Brooks posted about a challenge from the Abraham Lincoln Presidential Library and Museum.
The challenge was: “If you wish to participate, we ask that you write on one of three topics: 1) Abraham Lincoln, 2) Gettysburg/Gettysburg Address or 3) any cause-related topic which inspires your passion. In the Lincoln tradition, you must express yourself in only “272 Words” — no more, no less.”
Brooks provided his entry, which I thought was excellent. Over the past few days I’ve done a lot of thinking about the Gettysburg Address, about Lincoln, and about the meaning of both of them to us today. After all, history is mere recitation of fact if it has no meaning for us. In fact, I’ve thought some about this off and on ever since listening to Doris Kearns Goodwin’s keynote address at the Gettysburg Sesquicentennial kickoff ceremony. The more I’ve thought about it, the more amazed I am at Lincoln. While he aimed the Gettysburg Address primarily at the audience of the US home front in the Civil War, we remember it to this day because it speaks to all of us. Not surprisingly to me, Brooks’ entry closely parallels what I’ve been thinking about the speech and about its meaning to us today.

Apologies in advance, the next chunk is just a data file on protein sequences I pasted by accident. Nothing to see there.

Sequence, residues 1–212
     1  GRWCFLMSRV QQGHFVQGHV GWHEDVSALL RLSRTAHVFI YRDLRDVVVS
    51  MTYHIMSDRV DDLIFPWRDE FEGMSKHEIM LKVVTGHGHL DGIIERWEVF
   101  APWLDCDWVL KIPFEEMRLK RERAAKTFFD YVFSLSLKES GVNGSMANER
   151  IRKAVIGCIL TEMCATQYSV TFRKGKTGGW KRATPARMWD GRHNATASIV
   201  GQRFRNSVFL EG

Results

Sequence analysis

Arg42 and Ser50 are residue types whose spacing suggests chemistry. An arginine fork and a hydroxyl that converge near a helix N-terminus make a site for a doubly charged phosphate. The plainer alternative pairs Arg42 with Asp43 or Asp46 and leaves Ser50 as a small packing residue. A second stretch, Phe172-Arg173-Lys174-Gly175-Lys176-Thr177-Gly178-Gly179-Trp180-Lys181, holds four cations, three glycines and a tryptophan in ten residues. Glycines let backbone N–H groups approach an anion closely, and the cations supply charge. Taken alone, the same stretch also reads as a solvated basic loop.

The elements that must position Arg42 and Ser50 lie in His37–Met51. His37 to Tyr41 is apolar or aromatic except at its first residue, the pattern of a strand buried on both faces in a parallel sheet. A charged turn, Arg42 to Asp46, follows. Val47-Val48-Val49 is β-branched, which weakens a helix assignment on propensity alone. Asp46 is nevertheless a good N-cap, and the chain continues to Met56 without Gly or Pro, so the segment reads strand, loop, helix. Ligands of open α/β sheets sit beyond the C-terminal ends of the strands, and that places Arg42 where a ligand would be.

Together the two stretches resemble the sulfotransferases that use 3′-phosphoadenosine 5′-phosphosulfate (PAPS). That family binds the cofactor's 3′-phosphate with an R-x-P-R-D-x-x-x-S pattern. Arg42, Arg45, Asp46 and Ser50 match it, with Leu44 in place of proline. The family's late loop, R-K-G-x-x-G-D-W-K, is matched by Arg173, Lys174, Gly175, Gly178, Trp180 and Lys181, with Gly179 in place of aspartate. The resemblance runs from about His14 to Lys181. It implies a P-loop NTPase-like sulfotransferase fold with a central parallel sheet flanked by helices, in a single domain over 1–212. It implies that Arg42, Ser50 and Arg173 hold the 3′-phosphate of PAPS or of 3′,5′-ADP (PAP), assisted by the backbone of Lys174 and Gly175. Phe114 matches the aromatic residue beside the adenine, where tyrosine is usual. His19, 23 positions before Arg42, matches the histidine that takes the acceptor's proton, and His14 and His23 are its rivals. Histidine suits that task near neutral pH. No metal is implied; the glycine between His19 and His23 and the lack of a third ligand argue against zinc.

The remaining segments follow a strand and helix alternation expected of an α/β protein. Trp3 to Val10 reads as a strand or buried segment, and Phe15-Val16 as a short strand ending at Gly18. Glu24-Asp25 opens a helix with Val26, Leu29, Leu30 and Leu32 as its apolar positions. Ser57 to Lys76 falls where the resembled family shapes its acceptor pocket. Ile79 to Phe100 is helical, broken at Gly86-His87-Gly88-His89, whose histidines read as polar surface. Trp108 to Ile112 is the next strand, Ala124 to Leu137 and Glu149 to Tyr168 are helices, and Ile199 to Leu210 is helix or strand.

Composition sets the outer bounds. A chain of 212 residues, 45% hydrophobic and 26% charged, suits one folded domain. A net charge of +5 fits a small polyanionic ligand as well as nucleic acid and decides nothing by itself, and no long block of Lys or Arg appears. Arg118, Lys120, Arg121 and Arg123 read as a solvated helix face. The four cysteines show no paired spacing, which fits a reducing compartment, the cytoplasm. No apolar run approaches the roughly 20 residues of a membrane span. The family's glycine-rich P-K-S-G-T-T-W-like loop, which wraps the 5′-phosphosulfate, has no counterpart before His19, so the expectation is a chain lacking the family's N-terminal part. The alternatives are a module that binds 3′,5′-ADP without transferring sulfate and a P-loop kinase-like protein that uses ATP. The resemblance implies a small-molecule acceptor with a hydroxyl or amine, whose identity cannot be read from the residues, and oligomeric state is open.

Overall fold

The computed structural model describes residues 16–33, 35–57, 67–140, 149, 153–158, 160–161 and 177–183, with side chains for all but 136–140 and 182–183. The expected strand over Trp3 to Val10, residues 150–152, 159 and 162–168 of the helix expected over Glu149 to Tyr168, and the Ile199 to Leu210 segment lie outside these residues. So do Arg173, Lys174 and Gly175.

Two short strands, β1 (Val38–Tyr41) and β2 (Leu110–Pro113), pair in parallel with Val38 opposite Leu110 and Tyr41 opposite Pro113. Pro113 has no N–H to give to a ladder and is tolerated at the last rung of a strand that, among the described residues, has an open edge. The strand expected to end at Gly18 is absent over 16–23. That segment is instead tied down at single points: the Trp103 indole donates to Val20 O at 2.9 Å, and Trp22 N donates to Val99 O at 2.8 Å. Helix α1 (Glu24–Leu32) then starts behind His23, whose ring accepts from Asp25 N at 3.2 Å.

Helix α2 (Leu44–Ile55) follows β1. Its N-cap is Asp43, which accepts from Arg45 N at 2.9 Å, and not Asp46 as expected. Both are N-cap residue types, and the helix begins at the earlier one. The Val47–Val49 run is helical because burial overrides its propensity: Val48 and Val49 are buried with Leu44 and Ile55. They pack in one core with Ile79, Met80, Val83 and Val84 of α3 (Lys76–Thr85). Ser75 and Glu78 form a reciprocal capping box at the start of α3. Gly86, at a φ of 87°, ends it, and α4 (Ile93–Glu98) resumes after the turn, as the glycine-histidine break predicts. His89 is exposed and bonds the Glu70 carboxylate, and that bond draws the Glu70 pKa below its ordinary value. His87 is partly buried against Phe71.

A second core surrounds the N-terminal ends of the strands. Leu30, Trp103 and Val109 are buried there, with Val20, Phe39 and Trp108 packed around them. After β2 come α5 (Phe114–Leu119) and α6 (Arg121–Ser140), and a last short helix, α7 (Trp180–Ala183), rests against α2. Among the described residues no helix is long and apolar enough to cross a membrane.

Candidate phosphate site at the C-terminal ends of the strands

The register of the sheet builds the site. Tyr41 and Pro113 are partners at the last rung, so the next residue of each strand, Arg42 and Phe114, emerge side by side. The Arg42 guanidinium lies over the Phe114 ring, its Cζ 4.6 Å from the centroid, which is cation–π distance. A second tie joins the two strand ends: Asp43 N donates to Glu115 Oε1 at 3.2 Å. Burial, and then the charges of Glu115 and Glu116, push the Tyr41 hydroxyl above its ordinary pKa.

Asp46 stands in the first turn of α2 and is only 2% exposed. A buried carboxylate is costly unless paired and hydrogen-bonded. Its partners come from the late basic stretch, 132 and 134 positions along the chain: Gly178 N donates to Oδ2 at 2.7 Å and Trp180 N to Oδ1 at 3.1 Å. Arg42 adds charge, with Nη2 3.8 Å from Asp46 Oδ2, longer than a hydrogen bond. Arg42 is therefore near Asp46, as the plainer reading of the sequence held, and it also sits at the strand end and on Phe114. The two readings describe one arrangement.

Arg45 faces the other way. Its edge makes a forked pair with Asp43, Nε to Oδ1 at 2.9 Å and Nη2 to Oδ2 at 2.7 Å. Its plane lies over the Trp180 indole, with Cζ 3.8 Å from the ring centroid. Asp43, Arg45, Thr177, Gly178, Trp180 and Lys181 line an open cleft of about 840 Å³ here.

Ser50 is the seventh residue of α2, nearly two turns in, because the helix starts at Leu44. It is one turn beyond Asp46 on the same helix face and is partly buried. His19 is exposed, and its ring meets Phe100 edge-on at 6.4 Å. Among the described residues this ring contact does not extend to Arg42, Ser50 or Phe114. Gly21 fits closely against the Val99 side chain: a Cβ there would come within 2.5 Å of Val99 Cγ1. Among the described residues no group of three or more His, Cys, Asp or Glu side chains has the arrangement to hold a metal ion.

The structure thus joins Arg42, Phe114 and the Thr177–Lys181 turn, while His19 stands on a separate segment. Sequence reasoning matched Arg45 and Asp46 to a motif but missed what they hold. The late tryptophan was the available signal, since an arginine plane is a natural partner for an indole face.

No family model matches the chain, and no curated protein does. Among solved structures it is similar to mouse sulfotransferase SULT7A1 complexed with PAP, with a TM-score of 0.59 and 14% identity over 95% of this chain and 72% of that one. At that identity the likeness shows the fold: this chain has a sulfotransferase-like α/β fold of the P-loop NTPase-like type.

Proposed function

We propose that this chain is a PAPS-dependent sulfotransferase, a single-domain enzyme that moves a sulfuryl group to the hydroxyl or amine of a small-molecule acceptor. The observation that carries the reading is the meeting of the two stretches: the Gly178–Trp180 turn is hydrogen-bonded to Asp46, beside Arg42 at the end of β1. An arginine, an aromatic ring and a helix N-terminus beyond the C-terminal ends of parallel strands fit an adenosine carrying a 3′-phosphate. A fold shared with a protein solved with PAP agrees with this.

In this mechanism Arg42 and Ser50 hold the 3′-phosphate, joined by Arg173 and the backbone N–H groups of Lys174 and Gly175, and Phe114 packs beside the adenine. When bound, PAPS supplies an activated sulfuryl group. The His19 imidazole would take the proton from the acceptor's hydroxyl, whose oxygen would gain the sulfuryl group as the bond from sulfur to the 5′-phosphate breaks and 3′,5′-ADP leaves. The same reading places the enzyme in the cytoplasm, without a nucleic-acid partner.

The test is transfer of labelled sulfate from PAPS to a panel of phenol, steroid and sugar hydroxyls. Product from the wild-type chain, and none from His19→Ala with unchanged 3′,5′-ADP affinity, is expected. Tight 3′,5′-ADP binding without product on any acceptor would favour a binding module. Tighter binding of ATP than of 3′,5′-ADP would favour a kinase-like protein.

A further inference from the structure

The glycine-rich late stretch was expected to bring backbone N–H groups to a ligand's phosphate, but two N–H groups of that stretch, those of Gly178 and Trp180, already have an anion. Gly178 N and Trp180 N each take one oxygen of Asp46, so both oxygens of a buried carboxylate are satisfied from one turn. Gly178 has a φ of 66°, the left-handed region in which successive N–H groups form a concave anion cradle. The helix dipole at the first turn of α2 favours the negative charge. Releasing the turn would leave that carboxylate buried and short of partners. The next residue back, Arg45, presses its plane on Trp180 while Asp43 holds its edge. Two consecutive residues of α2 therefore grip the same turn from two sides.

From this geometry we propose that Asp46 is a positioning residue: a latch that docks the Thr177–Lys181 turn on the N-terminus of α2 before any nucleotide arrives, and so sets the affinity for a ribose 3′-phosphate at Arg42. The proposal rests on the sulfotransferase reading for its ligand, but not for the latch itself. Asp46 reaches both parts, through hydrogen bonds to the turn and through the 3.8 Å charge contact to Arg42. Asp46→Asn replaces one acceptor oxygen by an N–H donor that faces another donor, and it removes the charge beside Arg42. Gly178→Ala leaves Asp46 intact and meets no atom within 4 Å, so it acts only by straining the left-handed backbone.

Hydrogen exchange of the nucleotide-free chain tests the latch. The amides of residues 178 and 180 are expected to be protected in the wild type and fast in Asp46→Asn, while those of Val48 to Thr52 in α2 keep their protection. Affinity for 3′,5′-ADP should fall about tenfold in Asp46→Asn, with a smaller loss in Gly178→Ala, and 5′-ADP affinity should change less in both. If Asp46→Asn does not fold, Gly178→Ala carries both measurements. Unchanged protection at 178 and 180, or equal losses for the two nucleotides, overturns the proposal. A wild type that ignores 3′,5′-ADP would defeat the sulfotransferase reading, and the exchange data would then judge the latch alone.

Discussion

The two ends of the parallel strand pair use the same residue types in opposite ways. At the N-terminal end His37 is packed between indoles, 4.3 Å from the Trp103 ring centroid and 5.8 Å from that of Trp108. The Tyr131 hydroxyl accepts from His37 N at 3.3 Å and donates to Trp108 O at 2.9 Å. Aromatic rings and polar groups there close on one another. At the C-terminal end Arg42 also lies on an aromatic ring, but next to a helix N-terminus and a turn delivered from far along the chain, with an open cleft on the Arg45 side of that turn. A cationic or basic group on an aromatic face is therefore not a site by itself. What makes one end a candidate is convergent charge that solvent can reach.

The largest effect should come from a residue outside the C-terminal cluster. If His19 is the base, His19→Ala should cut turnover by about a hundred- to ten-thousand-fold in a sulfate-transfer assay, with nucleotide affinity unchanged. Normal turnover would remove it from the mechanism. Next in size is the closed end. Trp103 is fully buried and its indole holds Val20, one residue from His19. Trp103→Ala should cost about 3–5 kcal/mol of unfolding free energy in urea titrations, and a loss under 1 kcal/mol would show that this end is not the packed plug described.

So with massive borrowing from Lincoln, I present my 272 words:
Four score and seven years after our Fathers brought forth on this continent a nation with the vision of liberty and proclaiming the self-evident truth that all men are created equal, Abraham Lincoln, in the midst of a civil war testing whether such a nation could survive, and on a great battlefield of that war, challenged his generation to continue the unfinished work and to take increased devotion to the cause for which many brave men gave their last full measure of devotion.
It was altogether fitting and proper for him to do this. But, in a larger sense, the unfinished work will forever remain unfinished, for each generation must face its own challenges, each generation will be faced with threats to this nation, and each generation must devote itself to that same cause. Each generation must make its own sacrifices for that cause. It is for each generation to continue the unfinished work the previous generation has thus far advanced. Each generation must highly resolve that the men and women before them who gave their lives to protect that nation and that creed shall not have died in vain, that this nation, under God, shall continue to have new births of freedom generation after generation.
Lincoln knew while mere words could be ephemeral, deeds must be eternal. While most speeches extolling sacrifice are forgettable, the heroic sacrifices made in the cause of liberty and this nation must never be forgotten. From those honored dead, each generation must take increased devotion to that same cause, so government of the people, by the people, for the people, shall never perish from the earth.
What would be your 272 words?